A few ways to find out if you’re compromised

With computing many programs and processes run in the background. Unless you’re a savvy computer user you may not be aware of these processes. Hackers sometimes use these processes to hide themselves inside victim computers.

In this post I’ll be using two of my virtual machines to demonstrate how a hack happens, one way a hacker can hide in a system, and how it can be found on the victim.

NOTE: These two machines are both under a host only network. Meaning that the hacking attempts shown in this demo cannot get out into the open internet. Even though this demo involves hacking I do not in any way support the illegal hacking of any computing device.

First I start off with setting my two virtual machines in a host only network sand boxed within my host system.

I had to make sure on both machine that they were set on VMNet1. This Virtual network is configured as host only so any communications that happen between these two machine will not get out into the open internet. Therefore I can safely hack the victim.
I had to make sure on both machine that they were set on VMnet1. This Virtual network is configured as host only so any communications that happen between these two machines will not get out into the open internet. Therefore I can safely hack the victim.

After confirming that the two VMs are configured correctly I boot them and disabled any firewalls, AV software, and other programs that would detect the hack on the victim. The purpose of this test is not to bypass all of these programs but to get a piece of malicious software on the machine and to show some ways that it can be found.

After the two computers are connected I had the VMs ping each other to make sure they can communicate. After that I used zenmap on my hacking platform to scan for open ports on the victim VM.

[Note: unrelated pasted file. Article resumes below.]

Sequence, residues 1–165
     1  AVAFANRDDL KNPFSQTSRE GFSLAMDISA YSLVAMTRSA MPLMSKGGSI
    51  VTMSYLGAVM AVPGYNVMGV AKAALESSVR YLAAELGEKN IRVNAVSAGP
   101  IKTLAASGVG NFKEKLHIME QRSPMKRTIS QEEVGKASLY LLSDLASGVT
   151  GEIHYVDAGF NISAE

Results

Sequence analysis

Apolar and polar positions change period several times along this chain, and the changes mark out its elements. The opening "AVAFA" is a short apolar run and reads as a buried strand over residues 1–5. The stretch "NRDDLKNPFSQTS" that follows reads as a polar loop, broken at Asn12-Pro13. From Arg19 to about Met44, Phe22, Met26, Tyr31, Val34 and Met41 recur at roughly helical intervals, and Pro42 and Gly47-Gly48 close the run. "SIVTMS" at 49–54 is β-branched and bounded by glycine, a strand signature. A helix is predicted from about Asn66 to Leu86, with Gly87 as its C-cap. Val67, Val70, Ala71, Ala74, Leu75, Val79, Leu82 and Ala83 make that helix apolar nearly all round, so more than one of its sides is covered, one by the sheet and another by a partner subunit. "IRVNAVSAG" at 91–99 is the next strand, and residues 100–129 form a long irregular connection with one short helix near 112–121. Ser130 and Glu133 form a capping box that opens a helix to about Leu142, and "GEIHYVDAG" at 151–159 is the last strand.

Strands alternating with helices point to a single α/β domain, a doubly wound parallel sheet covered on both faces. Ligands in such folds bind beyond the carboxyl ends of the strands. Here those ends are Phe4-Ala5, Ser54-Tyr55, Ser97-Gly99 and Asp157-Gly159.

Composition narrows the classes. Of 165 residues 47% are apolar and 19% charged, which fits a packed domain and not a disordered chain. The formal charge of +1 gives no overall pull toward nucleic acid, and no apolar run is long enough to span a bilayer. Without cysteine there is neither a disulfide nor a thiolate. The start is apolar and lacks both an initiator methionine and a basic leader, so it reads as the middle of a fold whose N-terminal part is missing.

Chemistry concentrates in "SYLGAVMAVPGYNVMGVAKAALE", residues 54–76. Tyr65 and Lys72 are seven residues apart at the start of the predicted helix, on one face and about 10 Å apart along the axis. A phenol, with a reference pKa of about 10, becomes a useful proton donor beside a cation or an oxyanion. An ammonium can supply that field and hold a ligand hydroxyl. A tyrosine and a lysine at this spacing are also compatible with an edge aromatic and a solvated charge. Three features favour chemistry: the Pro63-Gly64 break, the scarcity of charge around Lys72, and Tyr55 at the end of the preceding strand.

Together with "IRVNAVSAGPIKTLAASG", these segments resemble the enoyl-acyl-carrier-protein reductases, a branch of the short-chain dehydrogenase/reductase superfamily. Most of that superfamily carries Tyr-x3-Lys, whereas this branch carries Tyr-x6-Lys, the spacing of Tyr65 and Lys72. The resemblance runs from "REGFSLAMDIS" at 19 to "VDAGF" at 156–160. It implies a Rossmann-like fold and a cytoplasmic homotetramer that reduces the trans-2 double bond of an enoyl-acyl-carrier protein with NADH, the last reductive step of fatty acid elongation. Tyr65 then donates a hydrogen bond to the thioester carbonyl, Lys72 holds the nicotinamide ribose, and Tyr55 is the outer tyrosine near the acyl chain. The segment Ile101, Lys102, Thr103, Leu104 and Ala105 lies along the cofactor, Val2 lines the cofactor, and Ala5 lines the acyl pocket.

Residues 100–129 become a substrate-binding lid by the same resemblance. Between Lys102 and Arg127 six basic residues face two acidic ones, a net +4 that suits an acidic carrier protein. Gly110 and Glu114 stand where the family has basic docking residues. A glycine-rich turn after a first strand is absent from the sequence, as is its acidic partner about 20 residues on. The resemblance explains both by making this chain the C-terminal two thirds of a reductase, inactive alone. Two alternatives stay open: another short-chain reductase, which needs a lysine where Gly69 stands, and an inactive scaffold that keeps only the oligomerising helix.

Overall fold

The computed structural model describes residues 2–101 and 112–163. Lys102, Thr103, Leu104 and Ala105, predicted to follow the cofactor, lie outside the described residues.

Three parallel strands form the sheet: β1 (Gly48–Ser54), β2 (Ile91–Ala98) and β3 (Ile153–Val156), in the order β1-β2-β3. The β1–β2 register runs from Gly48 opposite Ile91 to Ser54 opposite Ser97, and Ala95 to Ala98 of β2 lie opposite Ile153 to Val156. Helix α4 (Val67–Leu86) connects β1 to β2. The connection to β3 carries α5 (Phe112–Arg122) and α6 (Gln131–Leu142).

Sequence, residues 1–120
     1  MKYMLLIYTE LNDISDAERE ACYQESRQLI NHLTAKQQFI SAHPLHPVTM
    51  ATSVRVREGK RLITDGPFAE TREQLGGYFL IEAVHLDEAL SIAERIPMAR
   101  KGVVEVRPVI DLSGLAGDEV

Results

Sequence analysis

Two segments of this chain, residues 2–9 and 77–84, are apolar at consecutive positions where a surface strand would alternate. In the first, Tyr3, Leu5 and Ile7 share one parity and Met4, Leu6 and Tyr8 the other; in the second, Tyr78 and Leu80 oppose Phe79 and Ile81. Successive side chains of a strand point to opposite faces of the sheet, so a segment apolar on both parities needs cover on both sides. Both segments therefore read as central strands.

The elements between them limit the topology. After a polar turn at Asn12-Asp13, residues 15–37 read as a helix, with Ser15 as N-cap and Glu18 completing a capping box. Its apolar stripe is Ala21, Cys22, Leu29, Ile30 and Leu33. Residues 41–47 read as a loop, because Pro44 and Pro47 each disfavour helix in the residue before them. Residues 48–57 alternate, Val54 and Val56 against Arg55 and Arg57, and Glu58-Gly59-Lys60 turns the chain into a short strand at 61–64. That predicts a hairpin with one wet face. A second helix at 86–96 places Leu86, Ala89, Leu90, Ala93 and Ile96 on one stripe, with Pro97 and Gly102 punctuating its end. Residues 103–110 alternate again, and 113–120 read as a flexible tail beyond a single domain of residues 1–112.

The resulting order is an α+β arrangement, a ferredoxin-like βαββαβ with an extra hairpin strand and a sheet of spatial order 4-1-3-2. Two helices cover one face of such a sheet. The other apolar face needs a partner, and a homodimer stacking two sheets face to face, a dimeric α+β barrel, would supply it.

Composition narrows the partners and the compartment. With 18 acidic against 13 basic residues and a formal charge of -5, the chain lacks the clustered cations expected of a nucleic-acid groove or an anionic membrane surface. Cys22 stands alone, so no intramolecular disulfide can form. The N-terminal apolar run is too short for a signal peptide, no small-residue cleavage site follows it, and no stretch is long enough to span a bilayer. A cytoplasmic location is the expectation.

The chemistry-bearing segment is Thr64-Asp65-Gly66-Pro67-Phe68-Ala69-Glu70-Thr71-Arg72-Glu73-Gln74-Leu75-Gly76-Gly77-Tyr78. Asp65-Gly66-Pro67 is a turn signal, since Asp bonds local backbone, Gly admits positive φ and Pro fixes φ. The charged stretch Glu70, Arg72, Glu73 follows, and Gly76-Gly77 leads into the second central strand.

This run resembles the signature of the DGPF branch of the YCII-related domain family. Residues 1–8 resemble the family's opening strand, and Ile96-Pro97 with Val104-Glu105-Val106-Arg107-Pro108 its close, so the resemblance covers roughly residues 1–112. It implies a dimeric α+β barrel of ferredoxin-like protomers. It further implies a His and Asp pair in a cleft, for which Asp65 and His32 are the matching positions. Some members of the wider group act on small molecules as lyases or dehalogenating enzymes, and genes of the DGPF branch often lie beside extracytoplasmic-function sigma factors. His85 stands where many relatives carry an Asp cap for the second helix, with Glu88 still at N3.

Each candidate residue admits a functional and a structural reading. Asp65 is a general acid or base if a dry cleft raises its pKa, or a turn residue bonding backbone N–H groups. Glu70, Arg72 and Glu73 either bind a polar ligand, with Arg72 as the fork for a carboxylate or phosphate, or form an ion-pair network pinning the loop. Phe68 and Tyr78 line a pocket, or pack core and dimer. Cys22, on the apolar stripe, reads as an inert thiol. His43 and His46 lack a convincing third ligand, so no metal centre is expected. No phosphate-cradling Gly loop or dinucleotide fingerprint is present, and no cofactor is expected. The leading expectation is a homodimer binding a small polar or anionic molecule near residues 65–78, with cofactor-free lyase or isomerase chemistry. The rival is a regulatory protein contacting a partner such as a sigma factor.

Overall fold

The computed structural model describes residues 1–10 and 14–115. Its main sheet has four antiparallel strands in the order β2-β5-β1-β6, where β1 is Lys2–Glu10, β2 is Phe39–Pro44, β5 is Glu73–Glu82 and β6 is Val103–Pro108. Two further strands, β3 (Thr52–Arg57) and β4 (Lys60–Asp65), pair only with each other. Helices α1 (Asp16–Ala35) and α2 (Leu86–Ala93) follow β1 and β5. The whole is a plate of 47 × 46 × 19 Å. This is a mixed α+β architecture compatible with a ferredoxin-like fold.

This program sends network packets to ports on the target computer and returns data based on if the ports are open or not. "Open" ports are gateways into other computer. These ports are listening for a connection from another computer.
This program sends network packets to ports on the target computer and returns data based on if the ports are open or not. “Open” ports are gateways into other computer. These ports are listening for a connection from another computer.

I already know which attack vector I want to use on the victim. It requires port 445 to be open. After checking the Zenmap report I found that port 445 is open. From there I start Metasploit and configure it to attack the victim.

Before hacking the victim I start a calculator on the victim and ran the tasklist command in the command line. What this command does is it shows all of the currently running processes on the computer and how much memory each process is using.

normal runnning calc.exe process
Notice how much memory the calc.exe (the calculator) is using: 9,752 KB

After the configuring of Metasploit is finished I ran the exploit with the meterpreter payload. What this does is it gives me a shell (a text user interface) to interact with the victim computer. Using this shell I can gather information on the victim computer. Examples are password hashes, OS version, user account names, and processes that are running on the victim.

This shows that Metaspolit was successful in exploiting or hacking the target.
This shows that Metaspolit was successful in exploiting or hacking the target.

Right know the rouge program should be sitting in memory. This can be found pretty easily by a savvy system administrator. Next I take the rouge process and hide it in a process that is running on the victim.

On the hacking platform I used Meterpreter to hide the rouge program inside of the calculator that is currently running on the victim. After the migration I ran tasklist on the victim to see hos much memory the calc.exe process was using. It shot up by 3,816K. This was because extra memory was need to accommodate the malicious code.